“Net cash neutral means that total cash = total debt.” — CEO Tim Cook
From MarketWatch’s “Apple sees blizzard of demand for $14 billion debt deal” posted Monday evening:
Apple Inc. attracted more than $33 billion worth of orders for its new $14 billion debt deal on Monday, underscoring the continued scramble for all things tied to the smartphone and computer giant.
Initially, the class was pitched to investors at a spread of about 105 basis points above Treasurys, but narrowed throughout the day. Last week, similar bonds sold by convenience store chain 7-Eleven Inc. SVNDF, -2.07% priced at the higher 105-basis-point level over Treasurys, according to BofA Global data.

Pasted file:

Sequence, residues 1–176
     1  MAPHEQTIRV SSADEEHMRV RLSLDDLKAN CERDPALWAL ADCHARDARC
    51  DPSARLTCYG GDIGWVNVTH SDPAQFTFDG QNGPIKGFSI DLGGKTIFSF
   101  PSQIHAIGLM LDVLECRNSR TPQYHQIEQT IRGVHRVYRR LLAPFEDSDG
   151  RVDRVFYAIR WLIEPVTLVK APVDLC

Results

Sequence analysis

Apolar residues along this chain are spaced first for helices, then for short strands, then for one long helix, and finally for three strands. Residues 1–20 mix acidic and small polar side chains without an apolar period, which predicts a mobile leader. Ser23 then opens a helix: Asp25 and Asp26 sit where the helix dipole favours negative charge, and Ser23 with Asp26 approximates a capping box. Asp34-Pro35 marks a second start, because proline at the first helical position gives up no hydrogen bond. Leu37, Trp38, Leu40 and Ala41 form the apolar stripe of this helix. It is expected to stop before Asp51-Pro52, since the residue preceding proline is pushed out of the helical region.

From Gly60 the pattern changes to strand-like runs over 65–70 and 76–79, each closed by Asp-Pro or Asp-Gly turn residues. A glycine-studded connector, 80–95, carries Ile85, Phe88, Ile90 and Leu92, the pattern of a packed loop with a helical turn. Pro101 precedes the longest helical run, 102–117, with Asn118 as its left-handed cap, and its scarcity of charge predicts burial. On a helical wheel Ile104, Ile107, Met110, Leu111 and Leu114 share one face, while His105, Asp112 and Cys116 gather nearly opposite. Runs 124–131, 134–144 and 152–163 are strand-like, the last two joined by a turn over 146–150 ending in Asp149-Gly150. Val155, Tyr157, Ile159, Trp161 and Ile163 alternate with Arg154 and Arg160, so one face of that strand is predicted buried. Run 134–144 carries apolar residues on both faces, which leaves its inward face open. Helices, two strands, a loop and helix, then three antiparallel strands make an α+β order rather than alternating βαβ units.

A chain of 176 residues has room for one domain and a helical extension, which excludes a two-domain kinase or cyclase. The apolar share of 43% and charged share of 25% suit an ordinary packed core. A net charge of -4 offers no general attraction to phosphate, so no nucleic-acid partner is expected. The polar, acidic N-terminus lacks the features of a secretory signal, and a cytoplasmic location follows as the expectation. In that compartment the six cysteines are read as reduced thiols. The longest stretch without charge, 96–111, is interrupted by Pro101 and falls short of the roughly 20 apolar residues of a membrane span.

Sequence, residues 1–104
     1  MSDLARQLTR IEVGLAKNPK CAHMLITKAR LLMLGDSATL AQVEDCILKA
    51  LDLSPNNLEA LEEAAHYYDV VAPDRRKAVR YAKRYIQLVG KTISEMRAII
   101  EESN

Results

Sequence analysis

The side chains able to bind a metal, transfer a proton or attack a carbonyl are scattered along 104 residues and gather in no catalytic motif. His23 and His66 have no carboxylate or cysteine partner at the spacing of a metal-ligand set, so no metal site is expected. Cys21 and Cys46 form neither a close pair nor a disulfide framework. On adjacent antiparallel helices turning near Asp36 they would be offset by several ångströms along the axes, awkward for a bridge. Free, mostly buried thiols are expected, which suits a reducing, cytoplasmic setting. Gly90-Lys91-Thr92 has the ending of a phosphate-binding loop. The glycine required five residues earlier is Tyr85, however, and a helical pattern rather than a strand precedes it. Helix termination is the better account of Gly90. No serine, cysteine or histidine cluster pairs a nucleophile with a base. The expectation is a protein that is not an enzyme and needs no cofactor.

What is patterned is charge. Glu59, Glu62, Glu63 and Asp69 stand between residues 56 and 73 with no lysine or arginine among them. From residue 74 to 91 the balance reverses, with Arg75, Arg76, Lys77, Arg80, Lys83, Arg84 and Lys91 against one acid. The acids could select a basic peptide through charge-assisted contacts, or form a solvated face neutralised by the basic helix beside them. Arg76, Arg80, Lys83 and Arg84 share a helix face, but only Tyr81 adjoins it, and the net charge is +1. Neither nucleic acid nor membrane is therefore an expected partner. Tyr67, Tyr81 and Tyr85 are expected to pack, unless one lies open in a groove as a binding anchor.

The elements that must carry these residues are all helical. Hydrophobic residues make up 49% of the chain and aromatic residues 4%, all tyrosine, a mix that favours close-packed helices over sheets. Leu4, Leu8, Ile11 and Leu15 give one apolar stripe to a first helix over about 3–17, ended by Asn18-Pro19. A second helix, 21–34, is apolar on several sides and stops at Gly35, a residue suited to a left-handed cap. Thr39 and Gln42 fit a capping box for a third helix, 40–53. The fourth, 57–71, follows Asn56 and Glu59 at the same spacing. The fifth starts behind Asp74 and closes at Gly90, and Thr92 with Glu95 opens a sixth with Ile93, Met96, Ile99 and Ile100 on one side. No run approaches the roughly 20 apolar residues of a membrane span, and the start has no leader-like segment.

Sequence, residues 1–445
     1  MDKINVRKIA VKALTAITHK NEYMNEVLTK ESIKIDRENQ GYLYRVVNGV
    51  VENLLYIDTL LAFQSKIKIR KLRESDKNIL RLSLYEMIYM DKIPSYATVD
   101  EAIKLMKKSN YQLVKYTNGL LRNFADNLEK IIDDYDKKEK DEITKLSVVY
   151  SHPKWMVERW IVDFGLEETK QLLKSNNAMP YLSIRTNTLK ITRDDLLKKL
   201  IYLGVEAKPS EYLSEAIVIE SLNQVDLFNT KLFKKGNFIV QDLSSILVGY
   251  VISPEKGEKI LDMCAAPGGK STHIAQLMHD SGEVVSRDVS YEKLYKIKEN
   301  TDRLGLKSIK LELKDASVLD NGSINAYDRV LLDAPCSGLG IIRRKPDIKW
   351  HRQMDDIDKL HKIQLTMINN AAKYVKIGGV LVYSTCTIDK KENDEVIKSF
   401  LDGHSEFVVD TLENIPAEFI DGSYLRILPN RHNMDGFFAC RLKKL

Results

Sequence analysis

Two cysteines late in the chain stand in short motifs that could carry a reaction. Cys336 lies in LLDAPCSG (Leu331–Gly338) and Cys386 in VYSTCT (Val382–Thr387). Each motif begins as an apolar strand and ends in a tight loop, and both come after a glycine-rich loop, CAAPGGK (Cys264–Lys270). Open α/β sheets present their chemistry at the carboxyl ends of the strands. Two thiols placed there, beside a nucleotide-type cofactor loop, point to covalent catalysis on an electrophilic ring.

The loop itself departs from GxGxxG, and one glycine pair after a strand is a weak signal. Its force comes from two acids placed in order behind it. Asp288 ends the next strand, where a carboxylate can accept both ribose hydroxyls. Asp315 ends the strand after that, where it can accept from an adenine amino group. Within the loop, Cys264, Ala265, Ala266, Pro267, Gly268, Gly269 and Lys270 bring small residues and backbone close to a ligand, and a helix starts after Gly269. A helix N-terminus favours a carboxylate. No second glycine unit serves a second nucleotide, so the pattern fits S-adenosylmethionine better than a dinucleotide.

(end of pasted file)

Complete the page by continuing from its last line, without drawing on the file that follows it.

Lower spreads often point to high demand for an asset or a risk-on market tone, since spreads are the premium that investors are paid on bonds above a risk-free benchmark to compensate for credit risks.
Its debt deal followed on the heels of Apple posting its highest quarterly revenue ever last week, with the new iPhone 12 helping power the company to its first $100-billion quarter in sales.
My take: Net cash neutrality ain’t easy to reach when free cash flows so freely.